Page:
WCCO EYE4 LOGO WCCO Radio wcco-eye-red01, ww color red

Latest News

Mpls. Rally Calls For Higher Taxes On Wealthy

View Comments
77648_Pat Kessler WEB Pat Kessler
Pat Kessler knows Minnesota politics. He's been on the beat long...
Read More

Get Breaking News First

Receive News, Politics, and Entertainment Headlines Each Morning.
Sign Up
Today's Most Popular Video
  1. DeRusha Eats: Brake Bread
  2. Husband And Wife Die 15 Hours Apart
  3. Polk County Sheriff's Deputy Laid To Rest
  4. Como Zoo Animals Visit WCCO
  5. Troops Homecoming Sweetened By Local Girl Scouts

MINNEAPOLIS (WCCO) — If Congress does not end the battle over the so-called “fiscal cliff,” Minnesotans could pay thousands of dollars in higher taxes by January. That’s according to a new Tax Foundation study, coming just six weeks before the budget must be fixed – or else.

On Monday, Ilo Madden joined a protest on a Minneapolis street corner: Calling for higher taxes on people making more than $250,000 a year.

With Social Security and Medicare, Madden is making it — barely. But she says higher income Americans should bear more of the burden than her.

“I’ve got my nose right at the waterline and it seems like every time we get a little cost of living increase, there’s a line of people waiting to raise the price of gas, or bread or medicine,” said Madden.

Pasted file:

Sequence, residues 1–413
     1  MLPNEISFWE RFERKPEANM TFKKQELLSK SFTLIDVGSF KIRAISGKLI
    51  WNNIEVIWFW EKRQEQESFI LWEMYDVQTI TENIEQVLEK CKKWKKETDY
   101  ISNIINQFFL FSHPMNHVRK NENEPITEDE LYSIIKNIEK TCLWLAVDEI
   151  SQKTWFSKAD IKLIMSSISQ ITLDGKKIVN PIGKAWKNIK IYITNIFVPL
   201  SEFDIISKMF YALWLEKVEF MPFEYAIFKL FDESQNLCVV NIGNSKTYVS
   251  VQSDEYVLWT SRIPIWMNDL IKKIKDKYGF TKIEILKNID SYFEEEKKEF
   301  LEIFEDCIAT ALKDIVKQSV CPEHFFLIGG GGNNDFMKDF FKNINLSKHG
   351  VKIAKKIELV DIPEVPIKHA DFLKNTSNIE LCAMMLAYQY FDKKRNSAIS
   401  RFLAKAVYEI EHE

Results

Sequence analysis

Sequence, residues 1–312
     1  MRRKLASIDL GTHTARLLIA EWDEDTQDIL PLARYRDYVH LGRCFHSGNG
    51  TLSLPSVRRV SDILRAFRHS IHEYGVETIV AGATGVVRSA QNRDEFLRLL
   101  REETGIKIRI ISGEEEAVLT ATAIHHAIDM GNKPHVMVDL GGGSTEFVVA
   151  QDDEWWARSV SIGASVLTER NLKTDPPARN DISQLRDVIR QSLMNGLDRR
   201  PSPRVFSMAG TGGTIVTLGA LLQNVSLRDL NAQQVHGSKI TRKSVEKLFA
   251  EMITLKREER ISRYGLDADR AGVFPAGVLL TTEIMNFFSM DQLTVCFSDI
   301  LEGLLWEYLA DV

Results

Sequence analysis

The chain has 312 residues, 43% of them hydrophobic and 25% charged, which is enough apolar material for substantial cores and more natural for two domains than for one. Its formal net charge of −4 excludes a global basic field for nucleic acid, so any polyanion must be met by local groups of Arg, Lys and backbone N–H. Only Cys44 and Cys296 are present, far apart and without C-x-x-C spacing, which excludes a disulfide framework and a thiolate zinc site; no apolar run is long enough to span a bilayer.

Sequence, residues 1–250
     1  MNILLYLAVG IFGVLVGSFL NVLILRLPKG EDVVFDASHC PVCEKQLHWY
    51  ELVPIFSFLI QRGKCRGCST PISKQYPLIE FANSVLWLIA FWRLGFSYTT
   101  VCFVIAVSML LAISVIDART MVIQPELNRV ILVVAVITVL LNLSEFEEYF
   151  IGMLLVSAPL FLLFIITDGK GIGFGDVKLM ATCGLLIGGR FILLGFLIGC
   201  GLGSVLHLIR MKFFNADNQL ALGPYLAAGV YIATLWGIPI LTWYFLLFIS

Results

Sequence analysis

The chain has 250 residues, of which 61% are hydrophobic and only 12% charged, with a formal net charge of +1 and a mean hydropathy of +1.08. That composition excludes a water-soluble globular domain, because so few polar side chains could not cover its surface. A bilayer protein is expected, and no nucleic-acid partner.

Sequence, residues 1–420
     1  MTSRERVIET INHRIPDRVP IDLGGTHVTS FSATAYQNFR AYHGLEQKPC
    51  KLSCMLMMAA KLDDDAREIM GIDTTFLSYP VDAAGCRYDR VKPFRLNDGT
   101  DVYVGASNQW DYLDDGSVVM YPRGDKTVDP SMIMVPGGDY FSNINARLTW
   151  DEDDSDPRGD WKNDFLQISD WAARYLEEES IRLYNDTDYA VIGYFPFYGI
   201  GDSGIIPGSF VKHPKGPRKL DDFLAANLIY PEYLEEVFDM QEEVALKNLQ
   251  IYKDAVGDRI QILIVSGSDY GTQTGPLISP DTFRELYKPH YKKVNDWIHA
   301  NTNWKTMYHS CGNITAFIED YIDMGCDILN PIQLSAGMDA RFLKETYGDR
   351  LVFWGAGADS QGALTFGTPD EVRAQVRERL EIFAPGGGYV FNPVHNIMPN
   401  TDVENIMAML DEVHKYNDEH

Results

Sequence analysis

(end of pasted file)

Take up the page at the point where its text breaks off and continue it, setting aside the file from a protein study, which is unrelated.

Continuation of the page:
Tax hikes may be only a small part of the problems Minnesotans could face. If the deficit is not fixed by the end of the year, automatic spending cuts take over: Defense, farm subsidies, National parks, student loans, the FBI, the EPA and more.

Everyone gets a tax hike, too: An average tax hike of nearly $4,400 in Minnesota.

Since the election, Republican congressman Erik Paulsen is more optimistic about a deal, but a deal without tax hikes for any American, including the wealthy.

“We know that small businesses are the engine of the economy and if we are going into a battle of raising the rates on those who making (more than) $250,000, we’re going to impact small business in a negative way and that’s going to be nearly seven months of job growth lost,” said Paulsen.

President Barack Obama says he’s willing to accept spending cuts to make a deal. But he’ll veto any bill that doesn’t include tax hikes on higher income Americans.

“On Tuesday night, we found out that a majority of Americans agree with my approach,” said Obama.

Congress and the President begin post-election talks this week to balance the budget. It’s the first time Republicans will sit down with Obama since he won reelection to a second term.

View Comments
blog comments powered by Disqus